SMSF members avoid financial advice

Between one-third and a half of important transactions carried out by self-managed super fund (SMSF) go without the help of the licensed advice, according to the recent study from Apricot Actuaries.

Also, the research study, which surveyed over 300 accountants, found that the proportion without advice was similar irrespective to accountants giving financial advice personally and that it was rather the SMSF clients than accountants who were rejecting the licensed advice.

Apricot’s chief executive, Jim Hennington, said the survey helped explain why far fewer statements of advice (SoA) were being issued to SMSFs than the industry had expected.

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“We looked at how accountants have actually handled the rules over the past 12 months,” he said.

“Two major facts stand out for me. Firstly, the average number of transactions per accountant is low at only two new SMSFs per year per accountant and new pension commencements.

“Secondly, even when transactions were implemented without licensed advice 83% of accountants still provide exempt tax advice and factual information at least part of the time to help their client make decisions.”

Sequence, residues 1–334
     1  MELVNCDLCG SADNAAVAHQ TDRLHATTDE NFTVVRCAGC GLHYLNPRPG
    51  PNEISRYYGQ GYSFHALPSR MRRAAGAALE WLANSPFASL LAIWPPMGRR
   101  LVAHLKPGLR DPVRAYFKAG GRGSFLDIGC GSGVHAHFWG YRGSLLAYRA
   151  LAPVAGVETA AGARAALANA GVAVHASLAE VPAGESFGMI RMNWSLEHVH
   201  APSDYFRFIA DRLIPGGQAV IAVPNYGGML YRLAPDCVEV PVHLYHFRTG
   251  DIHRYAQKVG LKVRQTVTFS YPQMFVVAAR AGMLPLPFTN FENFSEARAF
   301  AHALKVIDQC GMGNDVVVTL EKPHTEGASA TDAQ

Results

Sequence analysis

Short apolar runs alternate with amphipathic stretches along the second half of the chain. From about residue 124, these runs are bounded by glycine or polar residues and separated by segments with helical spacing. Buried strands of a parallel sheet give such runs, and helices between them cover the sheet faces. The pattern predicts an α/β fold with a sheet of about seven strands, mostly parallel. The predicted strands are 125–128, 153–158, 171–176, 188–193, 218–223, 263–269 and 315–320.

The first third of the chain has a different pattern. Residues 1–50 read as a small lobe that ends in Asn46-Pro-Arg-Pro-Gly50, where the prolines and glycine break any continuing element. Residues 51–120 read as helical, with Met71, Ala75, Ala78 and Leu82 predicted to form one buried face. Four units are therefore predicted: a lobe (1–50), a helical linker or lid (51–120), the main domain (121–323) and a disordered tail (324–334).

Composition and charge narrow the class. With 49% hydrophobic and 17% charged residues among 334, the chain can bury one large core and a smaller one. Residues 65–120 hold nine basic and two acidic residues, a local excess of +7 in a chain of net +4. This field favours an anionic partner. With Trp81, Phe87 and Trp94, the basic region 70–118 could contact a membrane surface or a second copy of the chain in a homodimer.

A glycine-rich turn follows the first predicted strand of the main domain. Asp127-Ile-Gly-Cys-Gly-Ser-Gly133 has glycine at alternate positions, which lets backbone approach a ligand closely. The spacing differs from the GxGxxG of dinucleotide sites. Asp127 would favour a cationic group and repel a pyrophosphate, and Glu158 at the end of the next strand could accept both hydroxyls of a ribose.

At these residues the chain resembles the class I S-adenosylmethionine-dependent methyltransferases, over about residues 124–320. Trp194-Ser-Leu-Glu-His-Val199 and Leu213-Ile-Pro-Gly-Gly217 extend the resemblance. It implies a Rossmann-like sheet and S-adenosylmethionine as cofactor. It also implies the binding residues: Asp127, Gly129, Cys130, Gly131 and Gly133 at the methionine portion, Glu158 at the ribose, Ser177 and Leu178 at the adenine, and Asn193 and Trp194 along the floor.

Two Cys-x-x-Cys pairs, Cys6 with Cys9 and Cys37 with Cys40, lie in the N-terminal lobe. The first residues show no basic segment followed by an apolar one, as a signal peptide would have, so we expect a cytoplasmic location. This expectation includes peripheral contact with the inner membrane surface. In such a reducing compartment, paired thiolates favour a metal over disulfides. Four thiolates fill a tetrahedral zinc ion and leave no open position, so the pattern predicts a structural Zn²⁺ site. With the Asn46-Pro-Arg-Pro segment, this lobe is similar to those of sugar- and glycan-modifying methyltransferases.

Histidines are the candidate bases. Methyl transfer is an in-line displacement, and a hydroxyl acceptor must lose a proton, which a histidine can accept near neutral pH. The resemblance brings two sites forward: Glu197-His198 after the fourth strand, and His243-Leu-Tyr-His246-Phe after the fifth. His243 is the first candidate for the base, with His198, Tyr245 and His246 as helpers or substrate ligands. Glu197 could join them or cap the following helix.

The study also revealed that 58% of surveyed accountants were either concerned or very concerned over clients who decided to receive no licenced advice at all.

Further to that, 66% of accountants said that when no financial advice was given it was because the client was reluctant to pay extra fees.

“51% said their SMSF clients don’t trust financial advisers and 45% said the licensed advice component adds little value,” Hennington said.

At the same time, worryingly 70% of accountants could not say, with a high degree of confidence, that they understood all the requirements of the rules around SMSF advice.

“If ASIC [Australian Securities and Investments Commission] removed the exemption to improve the quality of advice received by SMSF trustees it has failed.  In fact, it has increased the risk that trustees will not receive any advice other than tax advice,” the firm said.




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